The writer reminds his readers, including us, that we have not suffered to that point. “In your struggle against sin, you have not yet resisted to the point of shedding your blood” (Hebrews 12:4). How much had these first readers endured for Christ? Chapter 10 tells us, “Remember those earlier days after you had received the light, when you stood your ground in a great contest in the face of suffering. Sometimes you were publicly exposed to insult and persecution; at other times you stood side by side with those who were so treated. You sympathized with those in prison and joyfully accepted the confiscation of your property, because you knew that you yourselves had better and lasting possessions” (Hebrews 10:32-34 NIV).

In our struggle against sin, we have not yet at this point been called to testify with our blood in a martyr's death. We haven't even suffered in many of the ways those first readers did. I do not think any of us here have been imprisoned for speaking about Jesus. None of us have had our property confiscated because we belong to a Christian church. And maybe at one time or another we have been exposed to public ridicule for standing up for Jesus. But even those experiences are few and far between. How often isn't it that in our struggle against sin we give in and compromise what our God says not because of any harsh persecution but rather in exchange for some temporary peace, some momentary comfort, some passing pleasure?

When sin tempts you, dear friend, and turning away from following Jesus for a little while seems less of a struggle, remember who you are. You are God's blood-bought child. You were baptized into his name, reborn into his family through the water and word. If following Jesus as God's child brings a more difficult life, then so be it. For the hardships, the difficulties, the suffering we endure for Christ are all evidence of God's love for you. For “the Lord disciplines those he loves” (Hebrews 12:6 NIV). He treats you as his dearly loved sons and daughters.

“But I don't feel all that loved!” How true that is! The very discipline that our Father's love directs toward us for our good, the devil uses to tempt us to doubt that love. That's when your faith steps forward and says, “I don't care what you say, Satan. My Father gave up his Son for me on the cross. There's no greater love than that. He did that for me! Look, he even gives me the body and blood of Christ to eat and to drink. He wants me to be sure of his love no matter what happens. So these sufferings I endure are not because he's neglecting me. Just the opposite! He's intensely working with me, exercising, training, disciplining me. He's bringing me up, helping me mature, making me grow as his child. For that is what I am through faith in Jesus. And you Satan cannot kidnap me with your doubts and lies. For my Father is greater than you. His discipline achieves eternal good.”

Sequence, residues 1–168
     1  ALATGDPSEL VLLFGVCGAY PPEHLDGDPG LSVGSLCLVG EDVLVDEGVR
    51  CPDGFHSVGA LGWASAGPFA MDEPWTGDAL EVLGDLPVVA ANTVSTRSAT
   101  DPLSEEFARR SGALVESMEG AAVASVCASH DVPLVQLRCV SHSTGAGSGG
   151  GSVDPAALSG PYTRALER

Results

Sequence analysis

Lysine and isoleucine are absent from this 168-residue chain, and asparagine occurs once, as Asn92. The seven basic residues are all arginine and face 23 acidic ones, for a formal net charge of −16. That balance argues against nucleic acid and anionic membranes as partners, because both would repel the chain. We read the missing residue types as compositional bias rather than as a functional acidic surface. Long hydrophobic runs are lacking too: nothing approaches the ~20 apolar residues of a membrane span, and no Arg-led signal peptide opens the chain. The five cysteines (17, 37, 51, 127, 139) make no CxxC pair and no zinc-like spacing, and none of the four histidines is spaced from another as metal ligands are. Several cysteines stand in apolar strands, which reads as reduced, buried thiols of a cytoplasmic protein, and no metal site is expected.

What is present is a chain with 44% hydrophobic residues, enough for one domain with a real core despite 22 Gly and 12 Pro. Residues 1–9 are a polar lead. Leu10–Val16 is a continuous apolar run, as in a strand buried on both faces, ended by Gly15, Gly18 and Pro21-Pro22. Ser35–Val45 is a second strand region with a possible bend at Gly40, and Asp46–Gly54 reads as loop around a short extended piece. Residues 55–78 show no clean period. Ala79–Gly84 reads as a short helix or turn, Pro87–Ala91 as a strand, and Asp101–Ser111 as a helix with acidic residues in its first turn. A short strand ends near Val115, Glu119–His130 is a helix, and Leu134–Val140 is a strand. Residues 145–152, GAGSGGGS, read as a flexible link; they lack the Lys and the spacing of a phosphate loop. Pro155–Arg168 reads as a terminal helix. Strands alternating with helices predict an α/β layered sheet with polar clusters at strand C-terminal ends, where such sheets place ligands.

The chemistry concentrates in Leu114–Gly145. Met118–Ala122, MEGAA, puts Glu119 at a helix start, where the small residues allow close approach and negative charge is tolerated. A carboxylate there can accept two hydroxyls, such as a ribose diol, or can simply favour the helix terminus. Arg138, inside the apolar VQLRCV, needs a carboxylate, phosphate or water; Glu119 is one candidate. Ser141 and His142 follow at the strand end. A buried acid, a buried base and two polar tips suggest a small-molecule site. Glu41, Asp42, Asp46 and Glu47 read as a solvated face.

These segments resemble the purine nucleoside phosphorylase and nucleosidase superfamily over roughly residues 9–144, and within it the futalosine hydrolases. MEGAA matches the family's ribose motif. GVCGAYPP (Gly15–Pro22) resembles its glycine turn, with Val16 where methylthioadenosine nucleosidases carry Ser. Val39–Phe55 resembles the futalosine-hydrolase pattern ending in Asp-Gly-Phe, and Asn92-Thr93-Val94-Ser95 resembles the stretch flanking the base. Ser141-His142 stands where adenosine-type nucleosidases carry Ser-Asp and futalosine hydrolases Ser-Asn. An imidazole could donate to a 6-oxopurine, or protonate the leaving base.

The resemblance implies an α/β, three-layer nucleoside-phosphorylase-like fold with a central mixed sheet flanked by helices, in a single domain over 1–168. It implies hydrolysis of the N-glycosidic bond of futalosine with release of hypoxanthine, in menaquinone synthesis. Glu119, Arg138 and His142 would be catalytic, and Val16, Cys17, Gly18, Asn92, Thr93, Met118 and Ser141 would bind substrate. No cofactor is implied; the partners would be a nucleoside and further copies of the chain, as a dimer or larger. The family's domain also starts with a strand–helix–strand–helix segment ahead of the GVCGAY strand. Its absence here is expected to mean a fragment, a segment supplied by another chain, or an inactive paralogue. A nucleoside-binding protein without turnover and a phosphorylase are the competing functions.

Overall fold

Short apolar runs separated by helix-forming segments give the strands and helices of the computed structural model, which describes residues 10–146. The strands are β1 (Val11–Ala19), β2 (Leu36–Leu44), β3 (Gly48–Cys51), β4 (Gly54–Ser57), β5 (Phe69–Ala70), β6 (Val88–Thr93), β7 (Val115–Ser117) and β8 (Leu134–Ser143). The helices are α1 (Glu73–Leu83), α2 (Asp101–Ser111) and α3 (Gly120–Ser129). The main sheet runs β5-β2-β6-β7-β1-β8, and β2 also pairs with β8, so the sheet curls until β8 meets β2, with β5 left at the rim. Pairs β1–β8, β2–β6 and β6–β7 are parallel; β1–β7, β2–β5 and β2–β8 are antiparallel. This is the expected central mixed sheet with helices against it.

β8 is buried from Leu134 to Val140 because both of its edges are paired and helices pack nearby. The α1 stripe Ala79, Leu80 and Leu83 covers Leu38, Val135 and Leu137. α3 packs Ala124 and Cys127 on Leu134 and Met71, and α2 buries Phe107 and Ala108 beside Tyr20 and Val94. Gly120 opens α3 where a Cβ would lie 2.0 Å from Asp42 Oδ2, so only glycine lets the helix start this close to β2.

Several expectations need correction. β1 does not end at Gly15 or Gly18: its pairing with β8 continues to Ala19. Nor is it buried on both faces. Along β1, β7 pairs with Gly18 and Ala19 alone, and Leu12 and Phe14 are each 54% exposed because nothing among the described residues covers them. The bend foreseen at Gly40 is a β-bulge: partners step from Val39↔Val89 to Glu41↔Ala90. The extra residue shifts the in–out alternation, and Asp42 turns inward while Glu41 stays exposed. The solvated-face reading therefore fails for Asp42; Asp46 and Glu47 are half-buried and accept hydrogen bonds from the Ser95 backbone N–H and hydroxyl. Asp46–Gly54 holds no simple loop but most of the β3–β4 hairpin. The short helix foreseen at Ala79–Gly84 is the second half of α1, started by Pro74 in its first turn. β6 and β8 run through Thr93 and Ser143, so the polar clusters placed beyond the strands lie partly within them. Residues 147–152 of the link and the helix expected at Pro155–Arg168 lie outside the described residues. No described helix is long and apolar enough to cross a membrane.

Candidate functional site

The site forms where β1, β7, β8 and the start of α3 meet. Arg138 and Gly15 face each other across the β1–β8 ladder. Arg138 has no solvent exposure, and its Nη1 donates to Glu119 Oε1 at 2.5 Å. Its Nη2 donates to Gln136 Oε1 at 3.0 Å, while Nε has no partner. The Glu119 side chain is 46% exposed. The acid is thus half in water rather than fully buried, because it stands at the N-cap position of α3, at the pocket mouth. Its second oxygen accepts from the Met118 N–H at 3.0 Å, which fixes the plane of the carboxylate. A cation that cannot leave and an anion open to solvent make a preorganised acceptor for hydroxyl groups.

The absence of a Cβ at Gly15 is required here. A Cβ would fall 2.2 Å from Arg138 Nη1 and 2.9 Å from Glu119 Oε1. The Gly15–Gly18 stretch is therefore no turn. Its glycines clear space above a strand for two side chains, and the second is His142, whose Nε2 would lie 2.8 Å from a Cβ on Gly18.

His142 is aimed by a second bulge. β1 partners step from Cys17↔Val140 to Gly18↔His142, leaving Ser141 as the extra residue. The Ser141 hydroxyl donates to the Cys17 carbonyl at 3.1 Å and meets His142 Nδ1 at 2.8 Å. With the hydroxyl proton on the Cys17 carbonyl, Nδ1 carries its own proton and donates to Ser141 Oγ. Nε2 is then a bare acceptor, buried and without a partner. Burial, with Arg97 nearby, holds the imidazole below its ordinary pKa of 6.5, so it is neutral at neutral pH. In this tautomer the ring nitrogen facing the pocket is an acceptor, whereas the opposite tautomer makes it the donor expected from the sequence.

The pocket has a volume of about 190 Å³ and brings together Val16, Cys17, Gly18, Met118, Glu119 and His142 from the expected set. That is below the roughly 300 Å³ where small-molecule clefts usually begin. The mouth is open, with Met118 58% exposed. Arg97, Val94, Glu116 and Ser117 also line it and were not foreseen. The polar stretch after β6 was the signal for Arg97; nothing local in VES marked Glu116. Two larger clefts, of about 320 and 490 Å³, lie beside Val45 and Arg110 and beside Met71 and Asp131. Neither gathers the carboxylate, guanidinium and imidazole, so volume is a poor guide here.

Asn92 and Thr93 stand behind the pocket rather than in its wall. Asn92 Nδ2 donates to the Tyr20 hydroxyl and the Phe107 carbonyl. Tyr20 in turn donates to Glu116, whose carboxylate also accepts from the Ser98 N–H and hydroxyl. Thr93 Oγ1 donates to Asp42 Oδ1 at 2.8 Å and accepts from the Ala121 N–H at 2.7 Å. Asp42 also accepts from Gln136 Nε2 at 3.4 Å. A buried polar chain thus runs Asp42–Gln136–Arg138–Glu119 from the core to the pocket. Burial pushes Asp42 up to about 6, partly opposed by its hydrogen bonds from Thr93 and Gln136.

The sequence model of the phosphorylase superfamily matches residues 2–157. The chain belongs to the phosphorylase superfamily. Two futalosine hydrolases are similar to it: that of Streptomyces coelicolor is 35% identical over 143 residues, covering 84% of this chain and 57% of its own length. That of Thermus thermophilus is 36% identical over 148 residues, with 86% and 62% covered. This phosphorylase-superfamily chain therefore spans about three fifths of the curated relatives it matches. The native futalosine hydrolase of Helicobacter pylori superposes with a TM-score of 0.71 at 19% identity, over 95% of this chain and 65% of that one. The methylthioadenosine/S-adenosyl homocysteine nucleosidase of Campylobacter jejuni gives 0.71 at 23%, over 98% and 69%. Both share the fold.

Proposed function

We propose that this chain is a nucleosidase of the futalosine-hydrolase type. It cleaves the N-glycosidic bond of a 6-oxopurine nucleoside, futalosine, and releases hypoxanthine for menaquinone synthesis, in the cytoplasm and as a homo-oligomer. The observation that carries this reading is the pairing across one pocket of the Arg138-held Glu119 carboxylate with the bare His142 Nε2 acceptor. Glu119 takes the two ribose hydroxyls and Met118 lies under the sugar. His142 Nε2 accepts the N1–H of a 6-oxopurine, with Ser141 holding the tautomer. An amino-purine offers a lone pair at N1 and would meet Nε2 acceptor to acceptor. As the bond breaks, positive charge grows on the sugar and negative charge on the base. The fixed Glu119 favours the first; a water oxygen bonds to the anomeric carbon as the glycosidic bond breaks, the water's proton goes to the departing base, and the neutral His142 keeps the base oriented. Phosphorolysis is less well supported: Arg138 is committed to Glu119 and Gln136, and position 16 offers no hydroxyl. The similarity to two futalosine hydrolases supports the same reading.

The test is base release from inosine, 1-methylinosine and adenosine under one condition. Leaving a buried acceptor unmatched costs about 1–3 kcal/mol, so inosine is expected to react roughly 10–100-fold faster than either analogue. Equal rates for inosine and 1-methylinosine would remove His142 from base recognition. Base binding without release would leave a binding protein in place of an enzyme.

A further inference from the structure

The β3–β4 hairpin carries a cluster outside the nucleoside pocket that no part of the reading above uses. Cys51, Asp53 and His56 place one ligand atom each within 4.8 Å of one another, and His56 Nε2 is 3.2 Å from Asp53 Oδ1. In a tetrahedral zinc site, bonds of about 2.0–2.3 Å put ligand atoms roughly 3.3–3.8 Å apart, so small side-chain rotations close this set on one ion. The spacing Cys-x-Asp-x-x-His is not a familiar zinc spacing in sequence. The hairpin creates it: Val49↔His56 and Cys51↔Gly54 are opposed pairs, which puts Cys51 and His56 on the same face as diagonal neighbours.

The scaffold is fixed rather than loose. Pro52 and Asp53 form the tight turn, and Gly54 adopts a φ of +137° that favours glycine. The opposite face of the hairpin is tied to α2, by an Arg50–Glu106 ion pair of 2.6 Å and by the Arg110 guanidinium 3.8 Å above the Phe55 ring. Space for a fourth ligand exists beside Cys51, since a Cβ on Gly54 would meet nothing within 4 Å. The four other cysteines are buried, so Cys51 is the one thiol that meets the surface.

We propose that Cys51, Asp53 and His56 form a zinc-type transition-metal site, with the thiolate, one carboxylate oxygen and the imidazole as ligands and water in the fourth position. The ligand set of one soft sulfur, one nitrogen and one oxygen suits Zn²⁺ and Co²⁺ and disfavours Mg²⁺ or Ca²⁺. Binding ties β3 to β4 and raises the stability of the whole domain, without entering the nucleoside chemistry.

B. His discipline encourages us to struggle on

So struggle on, fellow children of God, struggle on, submitting to our heavenly Father's discipline. For his discipline brings life, real life, life with God. Can you think of any greater good than that? “We have all had human fathers who disciplined us and we respected them for it. How much more should we submit to the Father of our spirits and live!” (Hebrews 12:9 NIV). What encouragement for us to struggle on, so that we continue to live with God!

Now parenting a child is no easy task. There are so many dangers out there, but you can't keep your children in a bubble. You want them to do the right thing but you don't want to stifle them either. So there's a balance between strictness and leniency. As parents how difficult to maintain that right balance in discipline! We do the best we can, but we know it's far from perfect. Our children know it too, just ask them.